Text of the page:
• Nonsteroidal anti-inflammatory drugs (NSAIDs): These reduce inflammation and alleviate pain. Over-the-counter medications include ibuprofen (Advil) and naproxen (Aleve), but there are also prescription-strength options.
  • Disease-modifying antirheumatic drugs (DMARDs): In addition to slowing PsA down, these drugs help protect the joints from permanent damage. Common options include sulfasalazine (Azulfidine) and methotrexate (Trexall).
  • Oral medications: Medications such as apremilast (Otezla) may help control a particular enzyme that causes cellular inflammation.
  • Biologic response modifiers: This is another, newer type of DMARD.

Besides treatments a doctor recommends, a few self-care techniques may make it easier to manage PsA. These include:

  • drinking enough fluids
  • cutting back on foods that could lead to vertigo, such as caffeine, alcohol, sugar, and salt
  • taking vitamin D supplements to combat any deficiencies
  • taking part in moderate exercise such as yoga to help rebalance and counteract symptoms of vertigo

A person should always consult a doctor to determine the best treatment methods for dizziness and vertigo in PsA.

As an autoimmune disease, PsA commonly attacks the joints, skin, and organs. Besides dizziness and vertigo, other common symptoms of PsA include:

  • swollen joints of the fingers or toes
  • swollen tendons
  • pain in the lower back, buttocks, or heels
  • tenderness in the joints
  • cracked or pitted nails
  • stiffness in the body when sitting or lying down for extended periods
  • fingernails separating from the nail bed
  • fatigue or low-grade fever
  • itchy skin or painful red patches on the elbows, knees, and scalp

The symptoms of PsA may be either moderate or severe, depending on the individual. Some symptoms may disappear on their own, while others require immediate treatment.

PsA can worsen without treatment. Individuals who have PsA and experience vertigo, dizziness, or other severe symptoms should consult a doctor as soon as possible to help prevent the symptoms from becoming worse.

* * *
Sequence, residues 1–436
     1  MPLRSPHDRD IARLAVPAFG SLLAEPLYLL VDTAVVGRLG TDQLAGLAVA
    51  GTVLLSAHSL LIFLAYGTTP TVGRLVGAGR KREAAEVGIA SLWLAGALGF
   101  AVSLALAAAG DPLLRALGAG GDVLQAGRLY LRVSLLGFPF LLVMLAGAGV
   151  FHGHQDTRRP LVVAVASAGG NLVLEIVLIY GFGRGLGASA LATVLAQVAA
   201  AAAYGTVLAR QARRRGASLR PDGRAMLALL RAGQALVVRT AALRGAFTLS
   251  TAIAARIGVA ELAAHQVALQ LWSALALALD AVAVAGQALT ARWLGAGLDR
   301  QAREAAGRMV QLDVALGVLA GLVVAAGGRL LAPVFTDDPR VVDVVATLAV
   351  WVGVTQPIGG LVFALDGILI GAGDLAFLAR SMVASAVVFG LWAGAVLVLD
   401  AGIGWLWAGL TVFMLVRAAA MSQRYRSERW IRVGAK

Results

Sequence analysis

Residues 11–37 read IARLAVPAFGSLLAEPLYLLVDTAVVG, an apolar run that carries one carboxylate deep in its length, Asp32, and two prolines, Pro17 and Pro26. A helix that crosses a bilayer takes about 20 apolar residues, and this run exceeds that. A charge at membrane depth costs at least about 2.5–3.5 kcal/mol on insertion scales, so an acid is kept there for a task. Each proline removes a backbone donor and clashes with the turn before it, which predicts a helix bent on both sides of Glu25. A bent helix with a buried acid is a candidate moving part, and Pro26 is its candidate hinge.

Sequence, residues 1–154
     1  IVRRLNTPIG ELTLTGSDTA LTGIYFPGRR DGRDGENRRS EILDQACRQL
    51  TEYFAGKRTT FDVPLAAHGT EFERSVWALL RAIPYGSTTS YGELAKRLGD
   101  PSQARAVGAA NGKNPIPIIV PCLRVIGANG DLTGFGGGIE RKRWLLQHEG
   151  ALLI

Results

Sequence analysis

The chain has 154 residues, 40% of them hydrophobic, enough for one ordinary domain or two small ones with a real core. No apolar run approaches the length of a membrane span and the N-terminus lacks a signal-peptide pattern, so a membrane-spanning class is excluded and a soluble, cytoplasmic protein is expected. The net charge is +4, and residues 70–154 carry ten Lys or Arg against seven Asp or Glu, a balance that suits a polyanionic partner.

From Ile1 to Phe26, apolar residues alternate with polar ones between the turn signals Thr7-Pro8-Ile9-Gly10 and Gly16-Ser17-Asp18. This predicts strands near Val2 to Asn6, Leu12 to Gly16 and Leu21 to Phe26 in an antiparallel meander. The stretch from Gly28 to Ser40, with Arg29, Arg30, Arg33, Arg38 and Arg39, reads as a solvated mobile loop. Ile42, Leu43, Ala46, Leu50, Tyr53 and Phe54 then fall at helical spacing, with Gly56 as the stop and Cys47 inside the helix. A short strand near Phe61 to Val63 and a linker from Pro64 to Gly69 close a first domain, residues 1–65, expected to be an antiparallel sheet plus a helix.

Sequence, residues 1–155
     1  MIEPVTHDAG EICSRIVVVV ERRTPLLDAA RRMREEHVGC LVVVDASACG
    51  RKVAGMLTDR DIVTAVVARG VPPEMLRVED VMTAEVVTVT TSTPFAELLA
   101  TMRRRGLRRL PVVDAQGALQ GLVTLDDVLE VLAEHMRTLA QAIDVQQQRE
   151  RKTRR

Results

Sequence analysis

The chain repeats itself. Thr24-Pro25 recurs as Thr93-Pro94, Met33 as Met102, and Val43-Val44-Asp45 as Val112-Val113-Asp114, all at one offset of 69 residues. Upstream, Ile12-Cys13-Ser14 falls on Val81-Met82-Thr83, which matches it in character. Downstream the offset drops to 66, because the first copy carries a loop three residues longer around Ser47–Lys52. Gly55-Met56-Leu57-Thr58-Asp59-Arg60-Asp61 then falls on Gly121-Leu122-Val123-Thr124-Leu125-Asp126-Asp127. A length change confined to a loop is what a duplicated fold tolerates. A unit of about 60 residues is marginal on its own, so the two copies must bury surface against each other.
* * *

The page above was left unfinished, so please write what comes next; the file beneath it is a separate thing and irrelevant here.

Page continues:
A person should reach out to a doctor if they experience:

  • difficulty walking
  • severe dizziness or vertigo
  • sudden hearing loss or impairment
  • tinnitus
  • numbness in the arms, legs, or other joints
  • falling or fainting
  • chest pain
  • difficulty breathing
  • difficulty speaking clearly
  • vision impairment

An estimated 10% of all emergency room visits in the United States result from dizziness or vertigo, according to research from 2012.

Individuals with dizziness or vertigo may also be more susceptible to other health conditions such as cardiovascular disease or stroke. Due to these risks, a person should speak with a doctor as soon as possible if they experience dizziness or vertigo to help prevent more significant health risks in the future.

Dizziness or vertigo may be symptoms of PsA because the condition could cause inflammation and damage to the inner ear. Without treatment, these and other symptoms could worsen, leading to other chronic health conditions or a higher mortality rate in individuals.

There is currently no cure for PsA. But vertigo and dizziness often disappear without treatment in a few days or weeks.

Individuals who experience other symptoms such as vision or hearing impairment, chest pain, or difficulty breathing along with vertigo or dizziness should consult a doctor immediately. A doctor may prescribe certain medications or a vestibular rehabilitation plan to help manage PsA symptoms.